Excavating, Foundation & Waterproofing
The first on-site work happens fast. The surveyors set location stakes. The excavators dig the hole for the foundation, and the masonry crew lays the foundation.
The whole process may only take a week and the steps aren't that complex, but it's critical to be very sure that each is done correctly.
Surveying The Site
Once the bank loan is approved, surveyors can stake out the corners of the house. This is the first important step in construction because everything else is based on those survey stakes. They're especially important when you've got setbacks and easements to worry about.
In our case, we had to steer clear of the wetland in back and a drainage area along one side. The house also had to be back at least 30' from each property line.
CAUTION: Don't start any work -- even a survey -- until after your loan closes. Banks get touchy about that because it raises mortgage priority issues. That is, the subs who do any work may legally get their money before the bank would.
Once the survey is done, you can start removing trees that are in the way. Try to leave as many trees as possible, but still clear out enough for the driveway and the house itself. We hired a crew for this, but it's a job that you could probably tackle with a chainsaw and a pickup.
It's a lot of work, though, especially on a lot with many trees and could take several days to complete. Remember, that your time is worth something and it might be better spent managing another part of the project.
Our excavators broke ground, bulldozed the driveway, and dug out the foundation in one day; just what we budgeted.
There's always a few things to consider when excavation gets underway. Definitely keep an eye on the trees you've decided to save. Make sure the excavators don't dump any dirt or run their vehicles within the trees' driplines. There's a mass of roots underground there that shouldn't be disturbed.
See what's being done with the dug out dirt (fill). If it's just being dumped off to the side for backfilling and grading later on, there should be a place left open for concrete trucks to back in and pour the footings. A good excavator will do that without having to be told, but it's still something the contractor should double-check.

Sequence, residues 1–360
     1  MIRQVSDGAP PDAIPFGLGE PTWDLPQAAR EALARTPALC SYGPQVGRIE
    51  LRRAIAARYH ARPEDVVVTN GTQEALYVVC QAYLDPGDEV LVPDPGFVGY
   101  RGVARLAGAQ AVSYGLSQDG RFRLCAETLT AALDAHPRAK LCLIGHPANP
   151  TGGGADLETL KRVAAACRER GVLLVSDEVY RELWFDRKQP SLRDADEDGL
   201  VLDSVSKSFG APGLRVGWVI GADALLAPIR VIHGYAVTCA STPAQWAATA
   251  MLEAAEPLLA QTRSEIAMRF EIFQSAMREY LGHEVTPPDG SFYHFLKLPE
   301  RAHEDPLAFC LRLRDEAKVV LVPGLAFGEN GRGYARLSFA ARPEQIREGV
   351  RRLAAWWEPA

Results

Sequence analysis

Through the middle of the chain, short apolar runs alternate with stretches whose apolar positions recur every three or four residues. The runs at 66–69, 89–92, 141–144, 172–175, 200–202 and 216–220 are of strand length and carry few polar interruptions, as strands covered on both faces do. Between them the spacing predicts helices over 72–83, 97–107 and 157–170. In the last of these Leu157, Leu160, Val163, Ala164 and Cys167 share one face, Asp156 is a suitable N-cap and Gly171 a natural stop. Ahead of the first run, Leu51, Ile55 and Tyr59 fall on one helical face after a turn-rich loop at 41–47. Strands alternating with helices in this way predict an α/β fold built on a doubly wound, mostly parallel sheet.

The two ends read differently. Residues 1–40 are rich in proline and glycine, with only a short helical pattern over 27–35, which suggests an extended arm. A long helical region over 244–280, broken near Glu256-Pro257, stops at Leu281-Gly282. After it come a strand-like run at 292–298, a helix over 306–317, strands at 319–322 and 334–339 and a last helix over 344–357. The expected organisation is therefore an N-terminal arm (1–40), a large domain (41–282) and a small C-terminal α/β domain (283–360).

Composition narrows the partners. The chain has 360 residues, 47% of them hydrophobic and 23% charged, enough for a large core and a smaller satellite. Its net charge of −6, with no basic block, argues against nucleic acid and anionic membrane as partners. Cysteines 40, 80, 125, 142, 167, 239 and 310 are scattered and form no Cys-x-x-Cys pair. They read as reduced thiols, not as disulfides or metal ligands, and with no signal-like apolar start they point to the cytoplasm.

We wanted to use the fill to build a higher base for the driveway in a low area. A driveway requires a certain quality of base material underneath it. So if the soil coming out of the hole doesn't measure up, it has to be trucked out and a better material has to be trucked in.
That obviously costs more, but isn't known until digging starts. That's part of the excavator's specialty so hire someone you can lean on for that expertise. Just make sure they call you for approval if anything needs to be hauled in.
You can also have the excavator dig a sump hole in the middle of the foundation to collect rainwater. There you can run a sump pump to avoid a mud hole.
Foundation Footings & Walls
The masonry crew is responsible for positioning the foundation according to the plan. But once the excavators move through, the surveyor's corner stakes are long gone. So the masons go by metal off-set stakes that the surveyors set just beyond the digging area.
The masonry crew uses these stakes to measure back and reset the corners of the house according to the survey. So know where the stakes are and make sure they're not disturbed. If they do get bulldozed away, the surveyors may have to reset the corners and that can cost a couple hundred dollars.
The next day the foundation crew put up the forms for our footings and got them inspected. That's the first big inspection required by local code.
Building officials want to check things out before you pour any concrete to make sure the footings will be on solid ground. Our footings did have some roots near the surface in a spot so we dug those out to get the footings approved.
For the drainage system that protects the foundation, we ran drain tile across the footings at several points, embedded right in the concrete.
The day after the footings cure, the foundation crew can start pouring concrete or laying concrete block for the basement walls. Our crew moved pretty fast and had good weather so it only took about 3 1/2 days to finish.
After they were done the block was waterproofed, backfilled and capped. By doing that right away, there's much less threat of a heavy rain delaying the schedule.
Many people wonder what you have to do to get a dry basement. When you build a new house, talk to a company in your area that specializes in waterproofing foundations.
Typically, the first step is to spray the outside of the foundation with a rubberized asphalt sealer. Water can actually seep through concrete but the asphalt seals it up with a waterproof barrier.
Before the spray dries, the block is covered with R-10 insulating panels. The kind we used was made of fiber glass formed to channel water straight down along the surface. So moisture has very little chance of reaching the asphalt membrane.
The third step in the process is to run drain tiles around the outside of the footings to keep water from collecting at the bottom of the panels. The water is then diverted down into pea rock where it drains away.
Backfilling around the foundation is next. It usually takes just a couple hours of pushing the dug out soil back up against the foundation then packing it down.
We also needed to put in a culvert at the same time. But the crew had an equipment problem elsewhere and got a late start here, so we lost a day on the schedule.
There are actually a lot of things that can fall through the cracks. Building a house you can easily forget about things like the backyard deck footings.
We had ours dug in advance so they could be poured along with the concrete slabs. But keep those sort of things in mind to double up work and save time when possible.